EQKS: Kansas Equality PAC Announces Primary Gubernatorial Endorsements

On the Democratic side, we choose State Senator Laura Kelly based on her 100% pro‑LGBT voting record, her advocacy for LGBT equality in legislative committees, on the Senate floor, and in her current campaign. Senator Kelly was first elected in November of 2004. Within four days of the Legislature convening in January 2005, she was faced with a vote on the same‑sex marriage ban. Despite enormous political pressure on the newly elected senator, Kelly voted against the ban. Her support for LGBT rights has been consistent. Her running mate, Senator Lynn Rogers, has in his two years as senator been a strong advocate for LGBT equality, leading the hours-long debate in opposition to this year’s adoption discrimination bill. While a member of the USD 259 Wichita Board of Education, Rogers moved the adoption of district policies adding sexual orientation as a protected class. The Kelly/Rogers campaign scored 100% on our 2018 questionnaire.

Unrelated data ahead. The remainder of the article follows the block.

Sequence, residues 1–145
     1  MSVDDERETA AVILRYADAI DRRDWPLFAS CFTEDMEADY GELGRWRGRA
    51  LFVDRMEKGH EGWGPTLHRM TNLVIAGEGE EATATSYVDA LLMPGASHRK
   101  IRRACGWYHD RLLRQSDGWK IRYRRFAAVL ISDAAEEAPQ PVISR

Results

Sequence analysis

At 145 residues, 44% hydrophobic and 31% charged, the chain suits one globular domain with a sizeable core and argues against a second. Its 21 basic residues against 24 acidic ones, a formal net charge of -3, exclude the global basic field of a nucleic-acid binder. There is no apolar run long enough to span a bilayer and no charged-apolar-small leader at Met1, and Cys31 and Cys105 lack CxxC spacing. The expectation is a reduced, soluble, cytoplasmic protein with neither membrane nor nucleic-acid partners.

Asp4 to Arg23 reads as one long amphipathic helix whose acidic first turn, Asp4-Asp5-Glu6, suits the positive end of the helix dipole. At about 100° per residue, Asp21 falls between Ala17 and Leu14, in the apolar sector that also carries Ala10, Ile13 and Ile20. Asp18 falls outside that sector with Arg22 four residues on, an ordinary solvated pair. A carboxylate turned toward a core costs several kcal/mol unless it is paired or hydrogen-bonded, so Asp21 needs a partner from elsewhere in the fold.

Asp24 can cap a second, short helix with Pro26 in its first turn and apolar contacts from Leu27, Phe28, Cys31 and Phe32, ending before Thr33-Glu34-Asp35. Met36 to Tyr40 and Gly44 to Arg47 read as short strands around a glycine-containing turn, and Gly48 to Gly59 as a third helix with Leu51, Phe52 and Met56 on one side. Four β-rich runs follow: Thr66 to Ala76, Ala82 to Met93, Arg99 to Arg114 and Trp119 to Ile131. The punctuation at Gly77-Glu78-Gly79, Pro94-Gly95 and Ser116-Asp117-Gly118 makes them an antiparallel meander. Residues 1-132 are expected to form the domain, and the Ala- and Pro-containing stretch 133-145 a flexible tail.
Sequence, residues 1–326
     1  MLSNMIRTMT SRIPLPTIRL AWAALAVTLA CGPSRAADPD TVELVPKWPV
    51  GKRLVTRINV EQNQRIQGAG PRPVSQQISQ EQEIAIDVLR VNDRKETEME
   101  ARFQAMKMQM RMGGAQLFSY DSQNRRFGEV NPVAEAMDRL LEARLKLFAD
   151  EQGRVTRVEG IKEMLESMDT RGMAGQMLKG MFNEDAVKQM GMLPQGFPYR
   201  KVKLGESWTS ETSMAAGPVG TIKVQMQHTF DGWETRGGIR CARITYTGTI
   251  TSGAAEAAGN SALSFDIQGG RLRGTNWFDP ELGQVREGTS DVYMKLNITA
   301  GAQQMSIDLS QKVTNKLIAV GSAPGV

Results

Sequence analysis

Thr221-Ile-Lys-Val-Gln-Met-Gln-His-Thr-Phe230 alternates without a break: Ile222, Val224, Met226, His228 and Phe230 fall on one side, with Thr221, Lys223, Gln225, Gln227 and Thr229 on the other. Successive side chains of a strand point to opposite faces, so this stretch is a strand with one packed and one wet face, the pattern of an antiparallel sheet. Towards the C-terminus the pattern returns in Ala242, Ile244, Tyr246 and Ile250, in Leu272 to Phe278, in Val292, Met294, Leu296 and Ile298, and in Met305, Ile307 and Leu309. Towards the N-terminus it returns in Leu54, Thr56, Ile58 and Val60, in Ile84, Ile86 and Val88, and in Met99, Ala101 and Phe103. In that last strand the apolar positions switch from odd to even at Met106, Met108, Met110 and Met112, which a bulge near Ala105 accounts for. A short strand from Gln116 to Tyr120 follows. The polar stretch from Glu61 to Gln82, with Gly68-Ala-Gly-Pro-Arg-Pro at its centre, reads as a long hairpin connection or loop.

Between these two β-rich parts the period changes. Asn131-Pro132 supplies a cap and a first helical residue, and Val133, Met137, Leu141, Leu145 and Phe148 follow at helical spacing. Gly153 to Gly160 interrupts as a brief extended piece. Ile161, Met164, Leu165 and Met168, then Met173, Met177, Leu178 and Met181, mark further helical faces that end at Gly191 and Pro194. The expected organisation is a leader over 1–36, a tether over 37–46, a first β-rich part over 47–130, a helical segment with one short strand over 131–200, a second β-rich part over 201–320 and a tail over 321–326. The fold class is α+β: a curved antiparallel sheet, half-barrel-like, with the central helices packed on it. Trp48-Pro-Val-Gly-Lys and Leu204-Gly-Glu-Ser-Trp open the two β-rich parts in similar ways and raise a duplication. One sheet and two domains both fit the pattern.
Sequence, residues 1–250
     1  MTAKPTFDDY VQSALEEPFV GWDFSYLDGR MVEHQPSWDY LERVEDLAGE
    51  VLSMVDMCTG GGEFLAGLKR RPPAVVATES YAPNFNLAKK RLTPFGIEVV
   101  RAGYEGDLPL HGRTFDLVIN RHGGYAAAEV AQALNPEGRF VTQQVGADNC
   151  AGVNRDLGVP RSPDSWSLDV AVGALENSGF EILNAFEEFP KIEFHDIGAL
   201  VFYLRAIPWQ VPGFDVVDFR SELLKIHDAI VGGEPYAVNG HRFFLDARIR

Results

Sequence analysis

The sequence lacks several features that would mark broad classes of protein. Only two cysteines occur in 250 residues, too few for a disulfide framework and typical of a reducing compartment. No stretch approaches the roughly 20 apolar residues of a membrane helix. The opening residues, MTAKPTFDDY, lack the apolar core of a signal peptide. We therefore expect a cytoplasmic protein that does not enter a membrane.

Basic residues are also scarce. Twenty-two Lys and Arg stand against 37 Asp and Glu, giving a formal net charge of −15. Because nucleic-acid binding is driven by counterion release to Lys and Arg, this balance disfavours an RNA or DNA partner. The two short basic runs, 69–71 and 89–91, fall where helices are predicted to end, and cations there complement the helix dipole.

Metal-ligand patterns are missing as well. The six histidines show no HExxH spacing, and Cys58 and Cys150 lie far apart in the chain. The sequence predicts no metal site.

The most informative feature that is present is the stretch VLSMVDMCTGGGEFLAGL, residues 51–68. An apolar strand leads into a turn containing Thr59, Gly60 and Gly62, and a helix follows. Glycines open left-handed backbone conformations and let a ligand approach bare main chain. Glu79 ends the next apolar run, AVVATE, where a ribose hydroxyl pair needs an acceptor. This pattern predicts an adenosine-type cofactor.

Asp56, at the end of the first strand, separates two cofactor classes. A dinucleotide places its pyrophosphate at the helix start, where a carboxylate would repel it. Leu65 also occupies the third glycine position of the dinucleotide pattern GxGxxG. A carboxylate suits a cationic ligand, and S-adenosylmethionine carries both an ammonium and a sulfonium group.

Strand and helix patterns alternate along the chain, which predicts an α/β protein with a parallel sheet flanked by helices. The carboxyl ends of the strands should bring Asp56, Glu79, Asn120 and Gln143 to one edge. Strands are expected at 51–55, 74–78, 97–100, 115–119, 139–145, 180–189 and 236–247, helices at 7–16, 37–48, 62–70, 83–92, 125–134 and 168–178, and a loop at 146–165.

Although the Carl Brewer and Joshua Svaty campaigns both achieved 100% scores on their questionnaires and have been vocal advocates for LGBT equality on the campaign trail, their record while previously in public office is absent or mixed. Brewer, while mayor of Wichita, was twice approached by the Equality Kansas Wichita chapter with a request to pass a non‑discrimination ordinance inclusive of sexual orientation and gender identity. The first approach, in 2010, was made privately. In 2012, chapter leadership made a public presentation to Mayor Brewer and the Wichita City Council. Brewer did not act on either request, telling local media in 2012 he believed Wichita didn’t need such an ordinance. Joshua Svaty has a mixed voting record on LGBT issues. In March 2004, then‑State Representative Svaty voted in favor of the same‑sex marriage ban; in May of that year, he voted against a similar bill that, while banning same‑sex marriage, would have given legal recognition to civil unions. In 2005, he voted against the version of the marriage ban that eventually became part of the Kansas constitution. Other Democratic candidates for governor submitted questionnaires but lack a public record, and were not considered for endorsement.

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